Type 1 and type 2 diabetes are characterized by increased blood glucose levels. They affect almost half a billion people around the globe, and this number is projected to rise as we reach the middle of the century. In most individuals, blood glucose levels are kept within a healthy range by a hormone called insulin, which is secreted by the pancreas, but this fine-tuned regulation can go wrong in type 1 and type 2 diabetes. In this animation, we lay out our current understanding of these diseases and explore active areas of research that aim to restore the body’s blood glucose control.
Our skin is home to billions of microorganisms, the vast majority of which are bacteria. Much like the microbiome in our gut, these microbes play a crucial part in keeping us healthy. They are part of a finely balanced ecosystem of friendly or ‘commensal’ bacteria, which protect our skin by creating an inhospitable environment for would-be invaders, bolstering the physical integrity of the skin, and training the immune system to distinguish commensal inhabitants from pathogens. A number of skin conditions are now understood to be influenced by a breakdown of this microbial ecosystem. Researchers are working out whether restoring the balance can treat these conditions. Understanding the ecology of this rich community is likely to be an important part of both dermatology and the study of the microbiome. Read more in https://www.nature.com/collections/sk…
Researchers have run numerous military-style simulations to predict the consequences of fictitious viral outbreaks. We discuss how these simulations work, what recommendations come out of them and if any of these warnings have been heeded.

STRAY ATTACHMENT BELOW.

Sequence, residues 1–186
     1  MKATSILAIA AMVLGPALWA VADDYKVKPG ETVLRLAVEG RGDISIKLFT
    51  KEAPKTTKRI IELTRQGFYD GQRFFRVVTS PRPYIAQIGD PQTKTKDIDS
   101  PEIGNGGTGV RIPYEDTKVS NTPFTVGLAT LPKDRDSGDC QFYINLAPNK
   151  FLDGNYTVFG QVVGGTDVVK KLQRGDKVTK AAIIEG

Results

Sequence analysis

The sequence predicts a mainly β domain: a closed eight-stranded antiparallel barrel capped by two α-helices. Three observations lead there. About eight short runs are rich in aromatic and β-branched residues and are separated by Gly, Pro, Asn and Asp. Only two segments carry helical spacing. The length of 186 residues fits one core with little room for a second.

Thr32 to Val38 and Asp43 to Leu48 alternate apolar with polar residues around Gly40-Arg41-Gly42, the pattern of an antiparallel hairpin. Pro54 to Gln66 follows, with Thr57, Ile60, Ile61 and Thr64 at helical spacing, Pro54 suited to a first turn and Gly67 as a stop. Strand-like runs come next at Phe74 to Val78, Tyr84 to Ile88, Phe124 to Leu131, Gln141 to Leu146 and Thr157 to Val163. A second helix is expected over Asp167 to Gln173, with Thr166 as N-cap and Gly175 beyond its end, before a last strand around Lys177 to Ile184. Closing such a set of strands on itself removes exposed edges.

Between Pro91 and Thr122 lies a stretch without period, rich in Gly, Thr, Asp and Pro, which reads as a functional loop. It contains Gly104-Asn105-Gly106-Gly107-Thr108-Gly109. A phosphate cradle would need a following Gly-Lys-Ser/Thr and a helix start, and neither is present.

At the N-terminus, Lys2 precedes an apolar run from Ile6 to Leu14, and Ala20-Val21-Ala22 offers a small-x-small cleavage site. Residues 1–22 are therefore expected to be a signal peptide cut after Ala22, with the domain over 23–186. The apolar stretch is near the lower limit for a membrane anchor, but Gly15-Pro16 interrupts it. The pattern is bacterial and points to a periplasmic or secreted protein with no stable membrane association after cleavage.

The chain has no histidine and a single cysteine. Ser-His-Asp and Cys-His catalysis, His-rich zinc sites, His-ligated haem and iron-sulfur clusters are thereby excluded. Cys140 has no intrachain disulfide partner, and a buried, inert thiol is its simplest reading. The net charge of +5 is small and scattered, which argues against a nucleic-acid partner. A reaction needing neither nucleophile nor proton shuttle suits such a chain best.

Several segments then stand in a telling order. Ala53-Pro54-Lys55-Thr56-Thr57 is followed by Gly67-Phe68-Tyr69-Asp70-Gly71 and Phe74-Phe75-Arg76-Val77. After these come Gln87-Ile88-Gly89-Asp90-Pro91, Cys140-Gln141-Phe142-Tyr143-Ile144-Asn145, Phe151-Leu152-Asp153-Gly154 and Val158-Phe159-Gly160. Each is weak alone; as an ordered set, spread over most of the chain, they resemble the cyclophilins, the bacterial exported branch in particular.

24:08 One good thing
Our hosts pick out things that have made them smile in the last week, including audience feedback, the official end of the Ebola outbreak in the northeastern Democratic Republic of the Congo, and an enormous t-shirt collection.
28:50 The latest coronavirus research papers
Benjamin Thompson takes a look through some of the key coronavirus papers of the last few weeks.
President Trump’s preferred coronavirus treatment is the focus of a new study suggesting it could cause more harm than good, but not everybody agrees. We discuss the fallout as trials around the world are paused and countries diverge over policy advice.
12:12 Are we rushing science?
Coronavirus papers are being published extremely quickly, while normally healthy scientific debate is being blown up in the world’s press. Is there a balancing act between timely research and accurate messaging?
18:49 One good thing
Our hosts pick out things that have made them smile in the last week, including hedgerow brews and a trip into the past using AI.
Recipe: Elderflower ‘Champagne’
22:30 The latest coronavirus research papers
Noah Baker takes a look through some of the key coronavirus papers of the last few weeks.
The Coronapod team pick through the latest news, plus we hear from the researchers making lemonade out of lockdown lemons.
In this episode:
01:10 Can contact-tracing apps help?
Governments around the world are banking on smartphone apps to help end the spread of the coronavirus. But how effective might these apps might be? What are the risks? And how should they fit into wider public health strategies?